A HEADSTONE has been unveiled for a former Preston North End star who was England’s first Romani professional footballer.
Rabbi Howell, known as Rab, thought to be the first and only Romani to play for England, was buried in an unmarked grave in the city’s old cemetery after he died almost 80 years ago.
A campaign was launched for a memorial to the footballer by author Steven Kay who wrote a book about his life, and the special headstone has now been revealed.
Rab played for the Lilywhites between 1901 and 1903, and also played for Sheffield United and Liverpool.
Nick Pomfret, Rab’s great-grandson and a Preston councillor, said: “I was a bit flabbergasted at the popularity – he was a football star even in the 1890s.”
He said he was “absolutely thrilled” that a headstone had been made for Rab.
He said: “Generations of the family have gone by and they must not have been able to afford to put a headstone on his grave, and Steven Kay came along with the campaign – nobody who played for England should be buried in an unmarked grave.
“When I think back to my grandad Leo when I was a child, if he was here today it would be a proud moment for him to finally see his father’s headstone in place.”
A campaign team has worked to raise almost £700, with local suppliers helping with work.
It was kick-started in May last year with a pledge of £250 from Football Unites, Racism Divides.
Peter Kelly, a fellow councillor in Preston, stepped in to help with the campaign and described Rab as a “pioneer”.
He said: “The city is proud of its football heritage and it should be proud also of its pioneers of that heritage.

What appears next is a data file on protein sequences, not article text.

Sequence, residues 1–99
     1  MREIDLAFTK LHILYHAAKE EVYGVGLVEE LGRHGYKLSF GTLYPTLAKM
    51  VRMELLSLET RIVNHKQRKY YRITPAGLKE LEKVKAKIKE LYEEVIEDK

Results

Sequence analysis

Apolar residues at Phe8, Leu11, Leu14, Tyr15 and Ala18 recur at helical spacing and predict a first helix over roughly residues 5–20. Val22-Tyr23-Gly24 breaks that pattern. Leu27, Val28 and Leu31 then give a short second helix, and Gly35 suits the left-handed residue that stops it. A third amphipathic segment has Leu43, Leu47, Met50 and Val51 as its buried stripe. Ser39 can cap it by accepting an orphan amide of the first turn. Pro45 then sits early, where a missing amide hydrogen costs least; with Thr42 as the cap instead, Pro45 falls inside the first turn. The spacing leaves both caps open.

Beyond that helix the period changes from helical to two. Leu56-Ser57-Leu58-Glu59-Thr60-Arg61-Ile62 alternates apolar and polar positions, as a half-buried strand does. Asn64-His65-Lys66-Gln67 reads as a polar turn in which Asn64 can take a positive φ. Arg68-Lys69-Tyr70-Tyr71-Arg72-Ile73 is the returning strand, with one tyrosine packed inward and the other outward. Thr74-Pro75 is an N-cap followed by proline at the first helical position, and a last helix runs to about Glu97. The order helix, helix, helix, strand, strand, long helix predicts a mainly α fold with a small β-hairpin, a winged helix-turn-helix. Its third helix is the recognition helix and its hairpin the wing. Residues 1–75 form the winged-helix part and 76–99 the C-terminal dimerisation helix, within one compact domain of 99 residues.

“Football has a great ability to be a leveller in these situations, to recognise someone for their skill and their ability to carry on.
“It just seemed the right thing to do.”
Rab retired from football when he was 36, after badly breaking his leg during a match playing for North End.
He then lived in Paradise Street and ran a greengrocer’s.
Author Steven Kay met Nick Pomfret while researching his book, The Evergreen in Red and White, and together they discovered where Rab was buried and that he didn’t have a headstone.
Steven said: “That was something we needed to put right.
“No one who played for England should be buried in an unmarked grave.
“Rab had largely been forgotten and I am thrilled to see his pioneering role now recognised.
“He was a great little player and should be remembered.”
Steven said many professional footballers had followed in his footsteps, and said: “Raising his profile may help underline that Romani people have a long history in Britain and have been contributing to our culture since the Middle Ages. Anti–Romani prejudice remains strong throughout Europe – around English grounds it still seems to be a prejudice that carries little taboo.
“Instead we should be proud of our diverse heritage.”
He added: “I am grateful to everyone who has shown interest. I would also like to thank Rawcliffe’s of Chorley who have made the headstone, it is fitting, as they have a history as old as football itself — they have been superb.
“Also, Preston Council, and Conlon Construction for their contributions.”
At his speech at Rab’s graveside yesterday, he added: “Hope you like the stone, Rab.”
A PNE spokesman said: “The unveiling of Rab’s headstone finally completes the tribute to a man who played for both Preston and England.
“Given that he played for us and the fact that his family grave is so close to Deepdale, it was only right that we attended to pay our respects and mark the occasion with the laying of a wreath.”
Michael Conlon, chairman at Conlon Construction, said: “When told of this former PNE and England player lying in an unmarked grave we were happy to help rectify matters”.